One of the top sights of the town is the Gjirokastra Castle. Built in the 12th century, the castle sits on a rocky bluff with the city laid out below it, with spectacular views of the Drino valley.

There is a tomb, a prison, a number of cannons and guns, and, strangely enough, a real United States Air Force T33 Shooting Star airplane, which was forced to land in the Albanian capital Tirana in 1957 due to mechanical problems.

There are a number of hotels in the 'old town' section, as well as cafes, bars and restaurants, and a quaint local bazaar for shopping and sightseeing, which makes Gjirokastra worth seeing for at least an overnight trip.

14 The Blue Eye - Freezing water doesn't stop the brave

If visiting Gjirokastra, then the remarkable natural wonder known as the Blue Eye is not far away, and sometimes these two sites are combined as a day trip.

The Blue Eye is a fresh water spring that boasts the most intense shades of blue, with almost translucent turquoise in the more shallow parts, and the darkest emerald hues at the deepest part of the spring.

The darkest part of the pool is believed to be more than 50 meters deep, so while it may be tempting, it is not possible to dive to the bottom.

According to, "The Blue Eye is constantly gushing out freezing cold water, and the bravest amongst us (read: not me) flout the no swimming and no diving signs and take the plunge. You can see the force of the current, as it sends jumpers quickly downstream."

13 Pellumbas Cave - Watch out for cave bears

The Grand Cave of Pellumbas, located about 45 minutes from capital city Tirana, is an enjoyable day trip to see an archeological spot.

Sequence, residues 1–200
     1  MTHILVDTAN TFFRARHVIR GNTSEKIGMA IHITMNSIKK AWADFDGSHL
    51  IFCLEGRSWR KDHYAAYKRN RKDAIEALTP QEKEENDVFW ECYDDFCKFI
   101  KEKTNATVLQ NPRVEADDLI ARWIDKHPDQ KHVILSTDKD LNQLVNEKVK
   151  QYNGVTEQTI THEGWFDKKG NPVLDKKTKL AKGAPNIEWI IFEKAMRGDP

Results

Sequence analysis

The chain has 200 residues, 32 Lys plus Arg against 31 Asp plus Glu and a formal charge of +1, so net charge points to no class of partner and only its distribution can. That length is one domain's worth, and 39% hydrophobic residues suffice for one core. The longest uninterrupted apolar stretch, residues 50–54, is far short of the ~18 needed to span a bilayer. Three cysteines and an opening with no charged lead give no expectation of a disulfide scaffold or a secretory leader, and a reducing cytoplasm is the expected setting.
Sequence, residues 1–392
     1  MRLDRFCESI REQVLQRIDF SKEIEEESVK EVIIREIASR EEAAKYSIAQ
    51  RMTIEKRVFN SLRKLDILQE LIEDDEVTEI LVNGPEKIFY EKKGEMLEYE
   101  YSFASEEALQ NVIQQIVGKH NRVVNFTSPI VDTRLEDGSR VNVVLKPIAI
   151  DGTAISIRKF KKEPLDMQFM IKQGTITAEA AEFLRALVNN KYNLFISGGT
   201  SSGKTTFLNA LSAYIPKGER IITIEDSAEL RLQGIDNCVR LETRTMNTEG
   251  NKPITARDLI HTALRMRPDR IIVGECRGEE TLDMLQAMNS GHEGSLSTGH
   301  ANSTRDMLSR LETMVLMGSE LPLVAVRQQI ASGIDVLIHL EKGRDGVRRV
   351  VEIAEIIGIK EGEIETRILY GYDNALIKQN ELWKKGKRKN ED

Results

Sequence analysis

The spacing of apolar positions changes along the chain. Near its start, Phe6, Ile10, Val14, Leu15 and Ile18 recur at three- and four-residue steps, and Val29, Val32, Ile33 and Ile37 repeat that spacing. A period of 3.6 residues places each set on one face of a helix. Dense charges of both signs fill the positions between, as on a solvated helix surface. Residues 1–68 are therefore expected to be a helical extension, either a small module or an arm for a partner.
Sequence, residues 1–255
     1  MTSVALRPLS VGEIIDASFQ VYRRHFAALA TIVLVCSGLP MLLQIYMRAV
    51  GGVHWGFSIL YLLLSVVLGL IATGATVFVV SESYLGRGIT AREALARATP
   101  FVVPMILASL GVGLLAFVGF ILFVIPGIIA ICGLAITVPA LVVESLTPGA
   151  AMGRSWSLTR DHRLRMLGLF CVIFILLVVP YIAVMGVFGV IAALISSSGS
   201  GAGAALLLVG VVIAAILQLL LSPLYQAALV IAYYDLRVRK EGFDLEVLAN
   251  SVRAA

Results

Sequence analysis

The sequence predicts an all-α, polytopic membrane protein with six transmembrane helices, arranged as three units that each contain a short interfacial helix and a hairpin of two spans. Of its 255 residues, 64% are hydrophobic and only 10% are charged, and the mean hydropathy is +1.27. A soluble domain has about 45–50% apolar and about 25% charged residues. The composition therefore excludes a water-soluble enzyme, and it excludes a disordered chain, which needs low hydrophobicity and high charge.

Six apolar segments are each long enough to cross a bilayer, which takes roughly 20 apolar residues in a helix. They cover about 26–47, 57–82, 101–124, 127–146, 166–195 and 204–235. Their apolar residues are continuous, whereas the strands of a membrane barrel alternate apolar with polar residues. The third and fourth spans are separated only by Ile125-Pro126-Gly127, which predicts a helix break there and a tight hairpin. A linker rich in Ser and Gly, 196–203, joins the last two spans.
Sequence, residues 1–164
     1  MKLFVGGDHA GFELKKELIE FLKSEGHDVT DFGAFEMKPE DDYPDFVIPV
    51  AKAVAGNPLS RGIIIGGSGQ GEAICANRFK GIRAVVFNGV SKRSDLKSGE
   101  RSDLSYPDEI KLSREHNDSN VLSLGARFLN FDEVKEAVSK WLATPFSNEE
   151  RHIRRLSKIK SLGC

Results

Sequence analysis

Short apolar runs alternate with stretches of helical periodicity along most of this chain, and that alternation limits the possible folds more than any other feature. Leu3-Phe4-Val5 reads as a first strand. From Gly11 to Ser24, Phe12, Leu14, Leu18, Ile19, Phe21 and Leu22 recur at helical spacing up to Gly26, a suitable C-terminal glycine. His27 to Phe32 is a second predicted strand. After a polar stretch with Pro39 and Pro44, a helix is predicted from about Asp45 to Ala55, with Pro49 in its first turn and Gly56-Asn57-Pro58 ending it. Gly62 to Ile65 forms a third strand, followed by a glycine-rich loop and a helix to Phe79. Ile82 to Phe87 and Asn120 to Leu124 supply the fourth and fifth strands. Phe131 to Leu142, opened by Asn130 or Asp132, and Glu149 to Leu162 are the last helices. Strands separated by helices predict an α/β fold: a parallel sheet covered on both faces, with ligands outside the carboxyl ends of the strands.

Skeletons of extinct cave bears which lived some 400,000 years ago have been found inside, as well as signs of human settlement. The cave is about 360 m long, and filled with beautiful stalactites and stalagmites.

Because the cave is located in a quiet village, this trip is often combined with hiking, exploring the village, having a local lunch, and swimming in the nearby river when the weather is warm.

According to Outdoor Albania, which runs day trips to the cave, getting there requires a 2km walk from the village, and the view from the trail is spectacular, with the mountainside dropping down into the canyon of Erzen River. In addition, torches are needed before entering this dark cave.

12 Llogora Pass - Make sure your camera is charged... Incredible photos await

Considered one of the most breathtaking drives in Albania, Llogora Pass is a mountain road which sits at an elevation of 1,027 m, and its insane winding roads overlooking the Albanian Riviera make the drive an adventure of its own.

Travellers often take this pass when driving from the capital city of Tirana down to Saranda, a gorgeous coastal town famous for its beaches.

The road is at times dangerous, with some land slides and earthquake damage, not to mention the odd herd of goats in the middle of the road.

Visitors gloat about it: "the drive... should have only taken 5 hours but it took us 9 as we couldn’t resist stopping to take photos. If you only do one thing in Albania, take this road trip through the pass down to the coast." (